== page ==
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Myburgh’s Waterfall Ravine

   
WESTERN CAPE > Suikerbossie Circuit, Hout Bay EDIT
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Duration: EDIT 5hrs
Distance: EDIT 8km
Difficulty: EDIT  Strenuous
Fear Factor: EDIT  Some mild rock scrambling
 EDIT
Last updated: 11 March 2014
 
 
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Description EDIT
DIRECTIONS:
From Constantia Nek, descend on the Main Road towards Hout Bay and take the Disa Road turn-off to the right. At the end of this road, turn left into Valley Road and then first right into Garron, right into Connemara, left into Hunter’s, right into Farriers, to the top. There is a path on the left, just before the end of the road. Take this and ascend to the contour path which runs from Suikerbossie to Orange Kloof (a restricted area). Turn right and follow the contour path for a short distance to the wooded ravine, ascending Myburgh’s Waterfall Ravine.

• In the ravine, follow cairns (a pile of two to three large rocks placed at strategic points to mark the route, or a turn-off, climbing route or change of direction). After approximately 15min you will reach a cliff face to the left of the ravine, scramble up these rocks to a higher level where the path continues into the ravine.

• From here there is some boulder hopping in the ravine under tall indigenous ancient trees to reach a point where you need to go to your right, ascending a loose slope. Here you should find a many disas growing amongst ferns and rocky crevices – a good place for a break.

Myburgh’s Waterfall Ravine is named after Hugo Hendrik Myburgh who farmed near the foot of the ravine. The name of the farm was Victor’s Kloof, the original owner being Cornelius Victor to whom the land was granted in 1714. The story goes that around 1890 two men, lost on the mountain in adverse weather conditions, found their way to his homestead where they received royal treatment. They were so impressed that they showed their appreciation in the presentation of a silver cup which is now in the possession of Mrs W Myburgh of St James.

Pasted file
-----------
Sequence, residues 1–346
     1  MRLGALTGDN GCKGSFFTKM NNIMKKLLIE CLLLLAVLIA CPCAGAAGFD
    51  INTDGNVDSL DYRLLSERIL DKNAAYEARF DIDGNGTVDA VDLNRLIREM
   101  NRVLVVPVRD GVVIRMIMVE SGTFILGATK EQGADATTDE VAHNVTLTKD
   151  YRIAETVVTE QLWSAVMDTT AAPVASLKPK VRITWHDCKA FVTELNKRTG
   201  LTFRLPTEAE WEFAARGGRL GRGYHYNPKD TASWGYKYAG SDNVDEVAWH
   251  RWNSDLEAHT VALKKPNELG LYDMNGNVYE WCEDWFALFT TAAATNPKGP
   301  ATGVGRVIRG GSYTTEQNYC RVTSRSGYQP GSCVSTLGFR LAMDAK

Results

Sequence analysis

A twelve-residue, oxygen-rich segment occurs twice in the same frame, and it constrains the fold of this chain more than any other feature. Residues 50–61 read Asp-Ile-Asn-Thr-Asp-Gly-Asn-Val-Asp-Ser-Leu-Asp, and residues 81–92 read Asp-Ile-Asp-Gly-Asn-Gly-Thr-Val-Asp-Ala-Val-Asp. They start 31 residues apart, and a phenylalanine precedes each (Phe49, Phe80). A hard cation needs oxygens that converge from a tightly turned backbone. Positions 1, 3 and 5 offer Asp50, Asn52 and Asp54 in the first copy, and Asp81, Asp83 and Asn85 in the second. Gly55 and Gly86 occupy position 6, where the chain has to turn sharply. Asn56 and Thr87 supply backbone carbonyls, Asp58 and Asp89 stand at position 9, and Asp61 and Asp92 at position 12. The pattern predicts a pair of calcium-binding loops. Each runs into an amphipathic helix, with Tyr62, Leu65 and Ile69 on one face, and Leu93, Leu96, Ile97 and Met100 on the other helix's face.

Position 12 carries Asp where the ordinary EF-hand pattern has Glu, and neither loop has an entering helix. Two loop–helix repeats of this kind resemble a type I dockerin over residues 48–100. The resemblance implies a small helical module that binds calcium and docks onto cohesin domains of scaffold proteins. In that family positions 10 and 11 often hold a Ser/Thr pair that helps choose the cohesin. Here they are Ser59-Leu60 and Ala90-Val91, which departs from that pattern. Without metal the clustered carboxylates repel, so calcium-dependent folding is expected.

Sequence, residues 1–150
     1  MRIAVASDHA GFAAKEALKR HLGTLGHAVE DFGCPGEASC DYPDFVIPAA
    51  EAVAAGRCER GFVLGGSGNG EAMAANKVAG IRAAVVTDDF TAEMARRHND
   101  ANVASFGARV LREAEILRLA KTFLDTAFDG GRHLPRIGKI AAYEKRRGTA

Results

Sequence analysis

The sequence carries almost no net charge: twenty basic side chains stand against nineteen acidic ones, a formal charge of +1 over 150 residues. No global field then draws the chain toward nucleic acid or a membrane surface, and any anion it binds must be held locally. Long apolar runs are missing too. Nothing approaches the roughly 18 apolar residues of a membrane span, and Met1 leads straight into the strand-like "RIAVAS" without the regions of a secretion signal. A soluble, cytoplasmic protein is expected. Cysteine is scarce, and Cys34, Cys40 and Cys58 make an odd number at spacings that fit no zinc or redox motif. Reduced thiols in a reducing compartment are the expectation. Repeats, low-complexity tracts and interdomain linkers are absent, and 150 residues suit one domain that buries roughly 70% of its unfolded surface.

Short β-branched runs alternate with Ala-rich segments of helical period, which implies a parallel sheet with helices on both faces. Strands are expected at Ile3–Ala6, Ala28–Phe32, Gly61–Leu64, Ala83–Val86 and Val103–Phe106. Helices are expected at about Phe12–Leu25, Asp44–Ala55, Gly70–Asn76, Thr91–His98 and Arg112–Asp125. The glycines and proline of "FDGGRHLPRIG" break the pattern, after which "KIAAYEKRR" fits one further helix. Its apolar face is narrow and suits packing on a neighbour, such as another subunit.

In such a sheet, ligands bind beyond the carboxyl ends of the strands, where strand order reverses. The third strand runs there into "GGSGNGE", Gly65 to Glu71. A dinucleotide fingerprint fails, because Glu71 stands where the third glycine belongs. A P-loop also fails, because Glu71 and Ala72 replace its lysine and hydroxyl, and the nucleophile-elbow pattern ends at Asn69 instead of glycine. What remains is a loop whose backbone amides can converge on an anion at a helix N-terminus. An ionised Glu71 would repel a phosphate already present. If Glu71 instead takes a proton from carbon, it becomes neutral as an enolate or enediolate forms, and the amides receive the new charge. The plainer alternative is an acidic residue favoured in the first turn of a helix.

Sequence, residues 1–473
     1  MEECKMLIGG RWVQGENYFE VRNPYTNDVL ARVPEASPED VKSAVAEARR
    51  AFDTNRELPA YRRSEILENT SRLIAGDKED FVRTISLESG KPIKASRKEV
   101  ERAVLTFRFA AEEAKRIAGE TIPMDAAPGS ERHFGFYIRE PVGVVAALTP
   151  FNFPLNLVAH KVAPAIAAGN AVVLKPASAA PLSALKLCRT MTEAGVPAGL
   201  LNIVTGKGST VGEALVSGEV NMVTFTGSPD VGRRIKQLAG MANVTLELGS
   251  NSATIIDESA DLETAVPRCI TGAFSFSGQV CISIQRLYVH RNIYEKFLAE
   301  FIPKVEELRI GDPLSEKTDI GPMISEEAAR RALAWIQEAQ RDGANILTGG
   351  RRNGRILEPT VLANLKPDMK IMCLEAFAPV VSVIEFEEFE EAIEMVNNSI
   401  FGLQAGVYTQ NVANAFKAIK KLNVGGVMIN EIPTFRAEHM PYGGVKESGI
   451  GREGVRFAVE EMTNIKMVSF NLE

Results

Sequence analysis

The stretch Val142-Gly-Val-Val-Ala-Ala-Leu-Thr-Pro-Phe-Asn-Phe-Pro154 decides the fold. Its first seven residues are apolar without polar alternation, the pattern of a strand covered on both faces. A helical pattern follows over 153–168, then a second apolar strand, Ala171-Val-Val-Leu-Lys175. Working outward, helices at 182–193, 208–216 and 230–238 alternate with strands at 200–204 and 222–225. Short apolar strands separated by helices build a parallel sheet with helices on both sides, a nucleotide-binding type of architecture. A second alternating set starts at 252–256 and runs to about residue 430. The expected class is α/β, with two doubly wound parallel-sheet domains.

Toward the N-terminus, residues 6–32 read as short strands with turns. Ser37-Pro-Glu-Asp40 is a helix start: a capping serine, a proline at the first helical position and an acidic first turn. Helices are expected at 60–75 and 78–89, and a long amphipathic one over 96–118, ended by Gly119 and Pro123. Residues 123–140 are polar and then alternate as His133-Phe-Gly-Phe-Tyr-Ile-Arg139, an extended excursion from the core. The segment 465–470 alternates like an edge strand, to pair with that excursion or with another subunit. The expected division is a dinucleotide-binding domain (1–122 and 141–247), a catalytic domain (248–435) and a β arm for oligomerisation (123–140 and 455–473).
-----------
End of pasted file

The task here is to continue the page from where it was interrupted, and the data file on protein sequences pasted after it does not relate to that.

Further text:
Disas need very specific growing requirements – altitude, aspect of mountain slope, running or dripping water (tap water is unsuitable because of the chemicals), mist from the south-easter, the right soil. This is the reason why specific disas will only grow on certain parts of the mountain and not all over.

• Continue along the rock face, which can be slippery, boulder hop along the gorge which becomes narrower as you climb, occasionally dotted with disas high on the rock face. Higher in the gorge, you will reach a waterfall but take the path to the right as the waterfall can be very slippery and there is also the possibility that you may trample the disa plants. After ascending the path, you cross the waterfall to the opposite side and ascend on a clear path where the ravine opens out, offering views over Orange Kloof, with the Cape Flats and False Bay in the distance. From here it is a gentle ascent of approximately 20min until you reach a grassy area and the main path that runs from the top of Llandudno Ravine to your left and the Apostle Path to your right.

• Turn left and follow the path towards Judas Peak, a good place for lunch and to enjoy some of the finest views (in good weather) on the Peninsula. Alternatively, continue along the path towards the Pimple (above Llandudno and the last Apostle) to descend Llandudno Ravine.

• Take the path left, in the direction of Hout Bay and follow the clear path which winds to the left and crosses a flat rock before descending to the streambed. The path is steep and loose at this point and eventually crosses a waterfall before re-crossing it. Continue descending as the path winds to the left to follow a flat path along the base of the steep rock face, you will see Little Lion’s Head and Llandudno to your right.

• The path goes around the buttress before descending on two easy rock scrambles before traversing right to a bluff. The path then descends towards the contour path above Suikerbossie. If you have parked in Farriers Way, turn left and follow the contour path for approximately 45min where you cross a deep rocky ravine. Just after this, look out for the path to the right which will take you down to the car.

 
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References

 
  • Published in Buite Burger on 6 march 2007, acknowledgments to Rob Kamstra  
 
 

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